Nelson police strongly support the need to fundamentally review and reform the liquor laws. Nelson Bays Area Commander, Inspector Brian McGurk said today police blame the rise in reported public place violence in Nelson Bays is directly on the way people are drinking alcohol. "The current situation cannot and should not be acceptable," he said.
Police will be taking a strong line on alcohol in the run-up to Christmas to try and curb the rise in disorder in the city and are calling for public support to tackle the problem.
"My officers are dealing with an increasing number of drunken street assaults and many victims with serious and potentially long-term injuries, almost as a matter of routine," Mr McGurk said.
He said the vast majority of violence, disorder and domestic incidents police attend stem from the misuse of alcohol and a lot of problems started with young people drinking on private properties and then coming into town.
“We've had enough. I have a problem with parents and other adults providing kids with alcohol and then letting them go into town. They’re either becoming victims of crime, or offenders.
“Our public place violence is up 56 percent on the same period last year. The damage that is doing to Nelson’s reputation as a tourist destination is going to affect people’s businesses. The Nelson community needs to take some ownership of this problem."
Locally police have increased liquor enforcement activity and have supported the Nelson City Council to expand the coverage of the liquor ban areas, which are actively enforced. Last year there were 312 prosecutions under the Sale of Liquor Act in Nelson Bays. Nelson Police also issued more instant fines for alcohol offences per capita than any other area in the country.
Senior Sergeant Grant Andrews said this week police would be speaking with every bar owner in town to reinforce to them their responsibilities.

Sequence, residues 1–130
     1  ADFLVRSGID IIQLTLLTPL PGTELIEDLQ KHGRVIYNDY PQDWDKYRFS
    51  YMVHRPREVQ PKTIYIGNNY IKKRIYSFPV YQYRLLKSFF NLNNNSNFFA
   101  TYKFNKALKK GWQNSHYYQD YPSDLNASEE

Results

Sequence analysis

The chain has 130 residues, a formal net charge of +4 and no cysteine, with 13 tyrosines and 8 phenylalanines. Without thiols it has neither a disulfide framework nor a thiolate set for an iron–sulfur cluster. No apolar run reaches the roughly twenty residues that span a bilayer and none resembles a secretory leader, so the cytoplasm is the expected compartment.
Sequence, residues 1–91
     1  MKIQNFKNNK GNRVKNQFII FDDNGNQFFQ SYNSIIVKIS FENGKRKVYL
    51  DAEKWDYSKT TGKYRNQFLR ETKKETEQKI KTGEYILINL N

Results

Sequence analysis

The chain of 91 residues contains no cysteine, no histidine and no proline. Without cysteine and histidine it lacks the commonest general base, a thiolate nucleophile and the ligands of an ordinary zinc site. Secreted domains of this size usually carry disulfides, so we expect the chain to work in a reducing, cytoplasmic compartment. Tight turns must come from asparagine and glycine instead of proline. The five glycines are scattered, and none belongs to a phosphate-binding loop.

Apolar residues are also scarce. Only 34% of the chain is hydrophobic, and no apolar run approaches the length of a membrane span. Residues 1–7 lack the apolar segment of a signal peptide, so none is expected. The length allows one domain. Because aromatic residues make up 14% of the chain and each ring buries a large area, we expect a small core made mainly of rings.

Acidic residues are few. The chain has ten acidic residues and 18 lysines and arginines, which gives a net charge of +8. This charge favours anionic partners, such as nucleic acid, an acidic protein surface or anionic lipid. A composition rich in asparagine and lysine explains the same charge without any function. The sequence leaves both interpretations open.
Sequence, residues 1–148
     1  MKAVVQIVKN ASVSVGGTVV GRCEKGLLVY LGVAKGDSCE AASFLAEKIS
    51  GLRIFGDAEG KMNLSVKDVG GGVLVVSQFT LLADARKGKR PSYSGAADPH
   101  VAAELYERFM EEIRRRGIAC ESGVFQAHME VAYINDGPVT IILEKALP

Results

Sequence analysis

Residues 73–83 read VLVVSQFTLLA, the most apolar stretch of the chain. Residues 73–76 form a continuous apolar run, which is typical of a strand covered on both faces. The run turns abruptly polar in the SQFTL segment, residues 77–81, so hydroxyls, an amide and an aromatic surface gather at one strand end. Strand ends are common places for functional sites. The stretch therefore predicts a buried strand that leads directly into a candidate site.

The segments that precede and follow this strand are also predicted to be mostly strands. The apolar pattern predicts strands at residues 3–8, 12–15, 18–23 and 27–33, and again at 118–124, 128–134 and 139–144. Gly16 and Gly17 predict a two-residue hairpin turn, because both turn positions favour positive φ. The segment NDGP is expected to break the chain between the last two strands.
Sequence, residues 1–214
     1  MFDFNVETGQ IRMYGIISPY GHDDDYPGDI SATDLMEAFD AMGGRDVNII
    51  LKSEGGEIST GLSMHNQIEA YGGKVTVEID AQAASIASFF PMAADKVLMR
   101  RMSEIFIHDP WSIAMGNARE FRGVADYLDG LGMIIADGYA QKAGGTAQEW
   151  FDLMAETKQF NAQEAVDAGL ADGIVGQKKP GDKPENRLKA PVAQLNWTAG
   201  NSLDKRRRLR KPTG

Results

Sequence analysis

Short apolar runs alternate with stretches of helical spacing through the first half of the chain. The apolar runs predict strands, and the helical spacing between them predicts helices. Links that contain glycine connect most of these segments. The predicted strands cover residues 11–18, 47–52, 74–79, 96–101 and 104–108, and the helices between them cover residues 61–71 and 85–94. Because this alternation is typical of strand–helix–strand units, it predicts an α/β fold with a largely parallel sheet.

“We’re going to be giving a clear message to bar owners that they are responsible too. The level of intoxication we’re seeing coming out of bars is just not acceptable.”
Mr Andrews said licensees would also be reminded that their licence could be under threat if their patrons offended or were victims of an offence after leaving their premises.
Police are doing the liquor enforcement but believe the time has come for the community to take an active role in deciding the way forward to reduce alcohol-related harm in the community and Mr McGurk is calling for public support for a review of the licensing hours and licensed premises in the city.
"Along with the problem of people pre-loading and coming into town, 3am closing is giving more folk more time to get intoxicated," Mr McGurk said.
One possible local condition police would like is the introduction of a one-way door policy for all licensed premises after 1am. The policy has been effective in other cities.
"While it is timely to renew the debate on the merits of a one-way door policy, I believe the time has also come for the industry to have the courage to act," Mr McGurk said.
"With an incoming council it would be a good time for people to ask questions of their elected representatives about the reforms they would seek to implement."
Mr McGurk is holding a public meeting at the Victory Community Centre on Thursday at 7pm to give an overview of the work police are doing in the Nelson Bays area.